6.7/10
8,294
44 user 32 critic

Blue in the Face (1995)

R | | Comedy | 13 October 1995 (USA)
Wayne Wang's follow-up movie to Smoke (1995) presents a series of improvisational situations strung together to form a pastiche of Brooklyn's diverse ethnicity, offbeat humor, and essential... See full summary »

Writers:

Paul Auster (situations), Wayne Wang (situations)

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From $2.99 (SD) on Prime Video

ON DISC
2 nominations. See more awards »

Photos

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Cast

Cast overview, first billed only:
Lou Reed ... Man with Strange Glasses
Michael J. Fox ... Pete Maloney
Roseanne Barr ... Dot (as Roseanne)
Mel Gorham ... Violet
Jim Jarmusch ... Bob
Lily Tomlin ... Waffle Eater
Jared Harris ... Jimmy Rose
Giancarlo Esposito ... Tommy Finelli
Malik Yoba ... Watch Man
José Zúñiga ... Jerry (as Jose Zuniga)
Victor Argo ... Vinnie
Stephen Gevedon ... Dennis
The John Lurie National Orchestra The John Lurie National Orchestra ... Street Band
Madonna ... Singing Telegram
Sharif Rashed Sharif Rashed ... Purse Snatcher
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Storyline

Wayne Wang's follow-up movie to Smoke (1995) presents a series of improvisational situations strung together to form a pastiche of Brooklyn's diverse ethnicity, offbeat humor, and essential humanity. Many of the same characters inhabiting Auggie Wren's Brooklyn Cigar Store in Smoke (1995) return here to expound on their philosophy of smoking, relationships, baseball, New York City, and Belgian Waffles. Most of all, this is a movie about living life, off-the-cuff. Written by Tad Dibbern <DIBBERN_D@a1.mscf.upenn.edu>

Plot Summary | Add Synopsis

Taglines:

Welcome to the planet Brooklyn. See more »

Genres:

Comedy

Motion Picture Rating (MPAA)

Rated R for language and a scene of nudity | See all certifications »

Parents Guide:

View content advisory »
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Details

Official Sites:

Miramax [United States]

Country:

USA

Language:

English

Release Date:

13 October 1995 (USA) See more »

Also Known As:

Brooklyn Boogie See more »

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Box Office

Budget:

$2,000,000 (estimated)

Gross USA:

$1,275,999
See more on IMDbPro »

Company Credits

Production Co:

Miramax,InterAL See more »
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Technical Specs

Runtime:

Sound Mix:

Dolby | Dolby Digital

Color:

Color

Aspect Ratio:

1.85 : 1
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Did You Know?

Trivia

Vinnie (Victor Argo) was supposed to continue to refuse Dot (Roseanne Barr) demand to go on a trip. But Argo found Roseanne so unrelenting, that he broke down and agreed to go. Changes had to be made to later scenes to include this story change. See more »

Goofs

Dot bolts the store door to talk with Auggie, then leaves without unlocking it. See more »

Quotes

Man with Strange Glasses: Yes, I am smoking cigarettes and some of my friends have died of them, but I am not downing a quart of Scotch in fifteen minutes. Looked at that way, cigarettes are actually a health tool!
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Crazy Credits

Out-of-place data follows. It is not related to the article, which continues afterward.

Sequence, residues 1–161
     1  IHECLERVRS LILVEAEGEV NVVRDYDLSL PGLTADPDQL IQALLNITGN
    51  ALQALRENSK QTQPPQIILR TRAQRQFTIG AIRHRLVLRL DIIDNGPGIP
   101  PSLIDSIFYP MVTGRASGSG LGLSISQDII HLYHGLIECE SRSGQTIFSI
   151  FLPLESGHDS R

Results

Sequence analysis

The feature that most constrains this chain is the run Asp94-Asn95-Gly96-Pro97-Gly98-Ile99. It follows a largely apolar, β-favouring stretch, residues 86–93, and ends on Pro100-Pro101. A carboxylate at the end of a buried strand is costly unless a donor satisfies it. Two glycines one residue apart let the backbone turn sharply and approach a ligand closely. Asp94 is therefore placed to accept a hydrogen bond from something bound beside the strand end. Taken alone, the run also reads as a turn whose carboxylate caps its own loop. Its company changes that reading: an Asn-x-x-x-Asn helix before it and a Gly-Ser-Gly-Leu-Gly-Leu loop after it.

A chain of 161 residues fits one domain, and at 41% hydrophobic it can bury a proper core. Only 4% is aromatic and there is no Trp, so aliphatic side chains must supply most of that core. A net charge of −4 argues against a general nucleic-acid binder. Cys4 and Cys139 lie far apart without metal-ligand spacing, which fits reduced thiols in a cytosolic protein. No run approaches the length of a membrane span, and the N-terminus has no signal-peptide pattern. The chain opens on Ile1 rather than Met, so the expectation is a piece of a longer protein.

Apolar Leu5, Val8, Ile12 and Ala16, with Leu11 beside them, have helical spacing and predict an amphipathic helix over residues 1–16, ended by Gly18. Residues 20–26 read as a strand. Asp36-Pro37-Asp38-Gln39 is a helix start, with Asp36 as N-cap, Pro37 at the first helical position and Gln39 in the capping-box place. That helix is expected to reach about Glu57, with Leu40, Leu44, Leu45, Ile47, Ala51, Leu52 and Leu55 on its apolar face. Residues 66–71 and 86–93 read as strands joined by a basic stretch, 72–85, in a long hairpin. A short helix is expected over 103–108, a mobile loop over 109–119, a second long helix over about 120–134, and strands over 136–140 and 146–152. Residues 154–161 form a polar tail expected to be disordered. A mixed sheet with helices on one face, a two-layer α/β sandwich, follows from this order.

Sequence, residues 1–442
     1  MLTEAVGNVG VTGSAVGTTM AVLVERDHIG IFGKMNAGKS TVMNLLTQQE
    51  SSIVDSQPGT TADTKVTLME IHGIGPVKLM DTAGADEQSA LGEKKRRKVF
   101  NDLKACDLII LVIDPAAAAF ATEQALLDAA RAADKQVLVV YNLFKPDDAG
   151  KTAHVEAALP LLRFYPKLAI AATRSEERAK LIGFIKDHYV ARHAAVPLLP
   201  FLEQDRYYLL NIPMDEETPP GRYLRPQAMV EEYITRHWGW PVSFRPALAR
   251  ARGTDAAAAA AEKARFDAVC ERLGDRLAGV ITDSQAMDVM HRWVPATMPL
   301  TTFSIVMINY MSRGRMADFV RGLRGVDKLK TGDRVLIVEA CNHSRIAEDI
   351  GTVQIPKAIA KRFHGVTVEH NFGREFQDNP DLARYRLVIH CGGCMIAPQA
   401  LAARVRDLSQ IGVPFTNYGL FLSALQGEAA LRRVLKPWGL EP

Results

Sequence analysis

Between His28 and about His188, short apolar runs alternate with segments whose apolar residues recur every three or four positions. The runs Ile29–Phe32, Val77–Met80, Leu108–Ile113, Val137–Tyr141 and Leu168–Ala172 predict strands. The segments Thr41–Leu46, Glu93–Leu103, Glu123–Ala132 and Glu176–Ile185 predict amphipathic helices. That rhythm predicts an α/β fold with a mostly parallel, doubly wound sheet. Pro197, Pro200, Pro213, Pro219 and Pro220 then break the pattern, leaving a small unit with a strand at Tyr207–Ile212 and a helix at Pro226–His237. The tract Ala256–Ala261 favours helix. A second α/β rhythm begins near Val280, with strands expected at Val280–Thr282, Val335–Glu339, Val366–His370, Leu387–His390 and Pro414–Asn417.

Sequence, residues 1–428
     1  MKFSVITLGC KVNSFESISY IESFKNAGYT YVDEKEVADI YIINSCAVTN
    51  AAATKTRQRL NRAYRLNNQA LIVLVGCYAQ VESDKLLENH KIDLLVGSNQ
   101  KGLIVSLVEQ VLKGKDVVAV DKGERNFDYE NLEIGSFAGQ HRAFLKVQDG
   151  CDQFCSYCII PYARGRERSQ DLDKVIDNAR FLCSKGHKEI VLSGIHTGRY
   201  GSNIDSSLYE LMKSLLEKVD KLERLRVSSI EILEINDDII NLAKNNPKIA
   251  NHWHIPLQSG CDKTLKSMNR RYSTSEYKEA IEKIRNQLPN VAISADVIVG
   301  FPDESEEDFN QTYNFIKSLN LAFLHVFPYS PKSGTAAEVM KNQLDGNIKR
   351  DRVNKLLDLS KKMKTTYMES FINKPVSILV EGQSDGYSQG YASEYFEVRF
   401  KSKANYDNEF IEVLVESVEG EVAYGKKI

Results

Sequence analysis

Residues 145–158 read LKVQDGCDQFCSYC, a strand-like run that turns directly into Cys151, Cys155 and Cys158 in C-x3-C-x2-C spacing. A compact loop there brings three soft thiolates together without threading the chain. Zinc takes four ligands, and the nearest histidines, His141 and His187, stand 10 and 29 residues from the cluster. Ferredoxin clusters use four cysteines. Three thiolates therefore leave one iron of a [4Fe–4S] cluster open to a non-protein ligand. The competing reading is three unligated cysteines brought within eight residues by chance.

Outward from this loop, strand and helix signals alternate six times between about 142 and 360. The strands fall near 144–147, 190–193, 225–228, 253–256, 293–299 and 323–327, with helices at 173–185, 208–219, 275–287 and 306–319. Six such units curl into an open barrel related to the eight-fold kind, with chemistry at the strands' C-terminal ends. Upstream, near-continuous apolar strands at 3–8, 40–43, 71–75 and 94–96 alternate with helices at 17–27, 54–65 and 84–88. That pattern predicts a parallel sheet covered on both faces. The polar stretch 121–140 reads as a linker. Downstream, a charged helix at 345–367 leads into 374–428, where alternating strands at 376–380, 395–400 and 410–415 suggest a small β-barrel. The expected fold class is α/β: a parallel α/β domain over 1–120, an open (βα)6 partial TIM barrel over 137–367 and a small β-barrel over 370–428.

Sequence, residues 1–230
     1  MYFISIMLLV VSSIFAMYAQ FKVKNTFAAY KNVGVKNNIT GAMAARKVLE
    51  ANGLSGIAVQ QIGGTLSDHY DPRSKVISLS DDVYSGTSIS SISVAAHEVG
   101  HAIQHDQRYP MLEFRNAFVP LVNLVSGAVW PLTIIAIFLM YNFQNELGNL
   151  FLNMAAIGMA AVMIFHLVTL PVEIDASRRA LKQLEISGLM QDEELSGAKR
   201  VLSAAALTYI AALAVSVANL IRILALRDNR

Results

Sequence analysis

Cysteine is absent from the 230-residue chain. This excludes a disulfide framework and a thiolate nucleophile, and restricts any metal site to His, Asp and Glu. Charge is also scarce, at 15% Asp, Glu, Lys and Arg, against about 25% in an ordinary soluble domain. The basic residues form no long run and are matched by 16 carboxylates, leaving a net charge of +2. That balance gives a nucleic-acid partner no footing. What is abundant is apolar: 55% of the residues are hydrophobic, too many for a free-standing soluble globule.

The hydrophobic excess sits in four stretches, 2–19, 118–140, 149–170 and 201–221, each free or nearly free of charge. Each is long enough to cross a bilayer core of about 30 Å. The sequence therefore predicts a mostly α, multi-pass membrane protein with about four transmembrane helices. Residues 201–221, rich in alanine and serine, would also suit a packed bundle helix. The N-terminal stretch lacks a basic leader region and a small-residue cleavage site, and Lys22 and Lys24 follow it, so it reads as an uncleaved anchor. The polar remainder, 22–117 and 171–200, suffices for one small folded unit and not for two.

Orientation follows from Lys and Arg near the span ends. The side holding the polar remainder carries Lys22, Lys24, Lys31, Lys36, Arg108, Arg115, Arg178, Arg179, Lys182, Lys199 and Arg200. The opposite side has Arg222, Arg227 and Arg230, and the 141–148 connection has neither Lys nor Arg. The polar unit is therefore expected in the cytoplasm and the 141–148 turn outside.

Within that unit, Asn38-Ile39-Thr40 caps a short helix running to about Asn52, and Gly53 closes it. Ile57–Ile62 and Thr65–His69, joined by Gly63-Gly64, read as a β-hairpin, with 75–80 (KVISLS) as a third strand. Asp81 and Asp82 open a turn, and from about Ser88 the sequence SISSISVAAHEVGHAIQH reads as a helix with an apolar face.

Situations Created in collaboration with THE ACTORS See more »

Connections

Featured in Cinemadonna: Die Another Day (And Other Cameos) (2016) See more »

Soundtracks

Lily's Blues
Performed by John Lurie, Calvin Weston, Billy Martin
Written by John Lurie
Published by Lagarto, Inc. (ASCAP)
John Lurie appears courtesy of Luaka Bop/Warner Brothers Records Inc.
See more »

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User Reviews

 
An understated, but brilliant film
14 September 2001 | by maurizio-11See all my reviews

Blue in the face is a follow up to 'Smoke' a film which I saw recently and very much enjoyed. I thought I'd give this one a try as well.

Like the first film (even more so) this is a collection of beautifully acted, largely improvised vignettes, involving the customers and general passers-by of the Brooklyn based cigar shop run by Auggie (Harvey Keitel). There is a lose storyline involving the relationship between Auggie and his girlfriend Violetta (brilliantly played by Mel Gorham) and the troubled marriage of Vinnie the storeowner and his wife. The store has been a part of the local community for years and when Vinnie gets a very good offer to sell up, it's bound to badly affect a lot of people.

The best moments of the film lie in the documentary style rambling of Brooklyn residents (including Lou Reed) as they describe what it means to them being part of the city, and also the brilliant monologues that some of the characters perform. There are moments of genius in this film. It is very funny in a very understated way, the assembled characters are all eccentric in their own way but totally believable. The dialogue is natural and you get to know and feel for the characters very quickly in to the movie.

I loved this film; I thought it was better than 'Smoke' a film I also liked. 'Blue in the Face' might be harder to get in to for some people, it's improvisational style and lack of structured story might put people off or make them think it's hard to follow, but it isn't. Don't try to make too much sense of what's going on you don't need to. Treat it as a series of snapshots in to the lives of a collection of colourful New Yorkers. Just sit back and watch the characters play out their lives, you'll very soon be engrossed by it.

It was an absolute delight to watch. Not for everyone maybe but definitely for me!


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